Friends with the Monster

eminem-rihanna-the-monsterHow do young people deal with adversity today? Do they fight their demons, addictions and problems… or do they make friends with these monsters?

Young people are always searching for ways to cope. In their quest for answers, many turn to the poets whispering in their ears day and night. Two of those poets just rose to the top of the Billboard charts with their song about fighting “the monster.”

I’m referring to the new No 1 song, The Monster, from Emenim, featuring Rihanna. The song carved a slice of history for each artist on the music charts and is the 11th song to go No 1 on the Billboard Hot 100 this year (as we outlined in our annual Youth Culture Window article about the top hits of 2013, reviewing all 11 of these songs).

But what answers do Eminem and Rihanna provide with The Monster?

Eminem raps about many of the struggles he’s faced with fame, sharing candidly about some of the disappointments and letdowns. Then Rihanna chimes in with the hook:

I’m friends with the monster that’s under my bed
Get along with the voices inside of my head
You’re trying to save me, stop holdin’ your breath
And you think I’m crazy, yeah, you think I’m crazy

Many speculate what the song means, but the songs writer, Jon Bellion spells it out clearly:

“I wrote the lyric, ‘I’m friends with the Monsters that’s under my bed’ mainly because sometimes you can’t necessarily get rid of your demons. You can’t necessarily, completely just not be fearful or not have an addiction or a problem so you kind of have to live with it and learn to like, kind of live with monsters. He’s not going to go away. The monster is still there but he’s got to learn to live with it and deal with it and kind of co-exist with your demons ’cause demons will never just be gone. You’ll never just be happy your entire life.”

And that might be the conclusion many come to.

Is that all we have to offer?

Or is there more to this life?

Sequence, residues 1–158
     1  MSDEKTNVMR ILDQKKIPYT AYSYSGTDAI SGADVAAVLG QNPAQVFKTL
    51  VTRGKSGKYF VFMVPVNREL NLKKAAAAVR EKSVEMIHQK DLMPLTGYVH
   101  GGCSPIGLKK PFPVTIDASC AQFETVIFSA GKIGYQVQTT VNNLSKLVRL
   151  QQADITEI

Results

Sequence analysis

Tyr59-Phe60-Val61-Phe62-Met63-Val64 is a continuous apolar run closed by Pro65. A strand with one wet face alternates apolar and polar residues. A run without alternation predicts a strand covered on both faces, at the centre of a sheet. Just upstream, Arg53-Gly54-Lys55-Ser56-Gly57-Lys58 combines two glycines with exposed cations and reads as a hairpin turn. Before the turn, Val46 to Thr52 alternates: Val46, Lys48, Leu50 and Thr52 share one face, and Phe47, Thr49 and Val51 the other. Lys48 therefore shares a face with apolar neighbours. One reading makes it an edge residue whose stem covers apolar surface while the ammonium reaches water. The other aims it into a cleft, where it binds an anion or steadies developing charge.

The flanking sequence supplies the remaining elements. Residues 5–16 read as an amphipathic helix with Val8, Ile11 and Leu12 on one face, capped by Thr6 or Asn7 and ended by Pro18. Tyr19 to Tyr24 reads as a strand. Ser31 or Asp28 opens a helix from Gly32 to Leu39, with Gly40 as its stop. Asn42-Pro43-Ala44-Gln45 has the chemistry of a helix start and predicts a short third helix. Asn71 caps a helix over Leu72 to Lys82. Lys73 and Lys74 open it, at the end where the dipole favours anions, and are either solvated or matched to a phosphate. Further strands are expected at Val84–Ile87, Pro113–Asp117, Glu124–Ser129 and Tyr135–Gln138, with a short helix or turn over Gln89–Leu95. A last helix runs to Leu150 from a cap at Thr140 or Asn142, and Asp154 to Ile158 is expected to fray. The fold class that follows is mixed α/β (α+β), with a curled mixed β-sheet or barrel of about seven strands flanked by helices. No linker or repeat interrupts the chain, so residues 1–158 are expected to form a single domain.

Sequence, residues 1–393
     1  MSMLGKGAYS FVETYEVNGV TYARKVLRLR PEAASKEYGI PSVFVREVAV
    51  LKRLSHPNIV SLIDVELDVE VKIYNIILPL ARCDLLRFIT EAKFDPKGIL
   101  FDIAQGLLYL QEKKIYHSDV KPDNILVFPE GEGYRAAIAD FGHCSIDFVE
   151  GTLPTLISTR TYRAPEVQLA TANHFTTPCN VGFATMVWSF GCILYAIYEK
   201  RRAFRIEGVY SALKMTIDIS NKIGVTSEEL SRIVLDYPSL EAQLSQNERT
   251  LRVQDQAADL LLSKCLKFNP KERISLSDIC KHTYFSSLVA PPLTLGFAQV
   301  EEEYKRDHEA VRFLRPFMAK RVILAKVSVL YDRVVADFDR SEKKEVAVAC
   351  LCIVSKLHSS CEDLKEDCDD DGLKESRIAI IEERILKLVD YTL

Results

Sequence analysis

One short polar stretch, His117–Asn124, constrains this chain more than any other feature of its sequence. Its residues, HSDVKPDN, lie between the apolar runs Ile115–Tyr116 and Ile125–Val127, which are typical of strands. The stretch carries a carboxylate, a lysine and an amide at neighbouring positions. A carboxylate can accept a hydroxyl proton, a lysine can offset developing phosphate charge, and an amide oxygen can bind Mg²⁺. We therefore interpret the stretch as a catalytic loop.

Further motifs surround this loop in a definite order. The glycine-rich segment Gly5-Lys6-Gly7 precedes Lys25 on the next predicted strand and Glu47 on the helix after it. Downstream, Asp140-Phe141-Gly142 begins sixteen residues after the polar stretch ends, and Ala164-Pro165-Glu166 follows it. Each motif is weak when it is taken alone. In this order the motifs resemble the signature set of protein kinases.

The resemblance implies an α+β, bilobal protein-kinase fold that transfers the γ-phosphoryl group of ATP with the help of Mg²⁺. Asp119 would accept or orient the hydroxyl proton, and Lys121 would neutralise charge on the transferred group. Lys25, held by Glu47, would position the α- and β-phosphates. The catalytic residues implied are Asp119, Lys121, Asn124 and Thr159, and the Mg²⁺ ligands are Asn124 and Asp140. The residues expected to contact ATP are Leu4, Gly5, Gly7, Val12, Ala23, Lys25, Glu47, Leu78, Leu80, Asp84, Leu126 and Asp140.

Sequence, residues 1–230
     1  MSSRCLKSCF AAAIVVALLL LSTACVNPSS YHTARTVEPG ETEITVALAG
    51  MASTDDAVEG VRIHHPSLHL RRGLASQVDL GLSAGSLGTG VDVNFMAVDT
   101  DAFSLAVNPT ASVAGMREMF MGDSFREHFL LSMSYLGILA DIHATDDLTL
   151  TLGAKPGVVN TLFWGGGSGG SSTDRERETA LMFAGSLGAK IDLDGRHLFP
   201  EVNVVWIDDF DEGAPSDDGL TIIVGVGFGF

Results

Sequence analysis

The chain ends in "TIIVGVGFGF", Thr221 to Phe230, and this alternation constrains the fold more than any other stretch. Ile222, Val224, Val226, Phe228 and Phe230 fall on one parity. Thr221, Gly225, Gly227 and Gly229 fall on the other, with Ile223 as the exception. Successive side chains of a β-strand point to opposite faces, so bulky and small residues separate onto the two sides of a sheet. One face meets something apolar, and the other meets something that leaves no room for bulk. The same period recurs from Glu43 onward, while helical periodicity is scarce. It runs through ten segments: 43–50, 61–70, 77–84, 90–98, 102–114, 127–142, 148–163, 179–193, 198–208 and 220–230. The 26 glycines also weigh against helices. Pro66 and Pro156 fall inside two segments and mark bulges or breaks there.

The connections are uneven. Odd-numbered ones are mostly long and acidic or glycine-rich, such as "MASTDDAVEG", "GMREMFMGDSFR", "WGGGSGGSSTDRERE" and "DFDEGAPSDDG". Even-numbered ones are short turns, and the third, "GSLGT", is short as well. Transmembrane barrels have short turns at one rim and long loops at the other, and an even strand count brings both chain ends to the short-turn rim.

Perhaps this song might be a springboard to these conversations… don’t you think?

About Jonathan McKee

president of The Source for Youth Ministry, is the author of over a dozen books including the new Get Your Teenager Talking, The Guy's Guide to God, Girls and the Phone in Your Pocket, The Zombie Apocalypse Survival Guide for Teenager, and youth ministry books like Ministry By Teenagers, Connect: Real Relationships in a World of Isolation, and the 10-Minute Talks series. Jonathan speaks and trains at conferences, churches and events across North America, all while providing free resources for youth workers and parents on his websites, TheSource4YM.com and TheSource4Parents.com. You can follow Jonathan on his blog, getting a regular dose of youth culture and parenting help. Jonathan and his wife Lori, and their three teenagers Alec, Alyssa and Ashley live in California.
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3 Responses to Friends with the Monster

  1. Sean says:

    It’s a true statement. I wouldn’t use the word demons though. I’d call it just being human. Accepting what you are is a great way in helping you deal with what you are, and a lot of cases fix.

    Just saying that some rehab clinic or some spirit or God can fix these things for you, and that they’ll never attempt to sway you again has proven to fail time and time again. Which is sad for the religious side since a lot of times those who try desipute that claim are the ones you see fail.

    You call it being sin and sinners. I call it life and humanity.

    • I like the writer’s desire to cope and survive instead of giving up. And Sean, I like your desire to “deal with what you are” and, as you say, maybe even “fix”, especially in a world where many people give up. Where we probably differ is in how we choose to “deal” or “cope” or “fix.” Religious people would say the answer is to try to achieve a certain righteousness. Jesus would say to just cast our cares on Him and let Him lift us up. That’s the difference between true followers of Christ and people pursuing religion of some sort. Christ followers know they’re messed up, know they need to give it up to Him, and they allow Jesus to slowly start molding them to be more like Him. It’s a process (called sanctification). It’s not a religious act, it’s faith that compels us to love.

  2. Sean says:

    In my experience giving it up for someone else to take care of, rarely works. No man or spirit is going to destroy your “Demons,” it’s up to the actual person themselves to give the effort.

    and there is no one on the planet who will ever be like Jesus.

    at the end of the day your a human being. That’s all you’ll ever be. And as far as I’m concerned there is nothing wrong with that.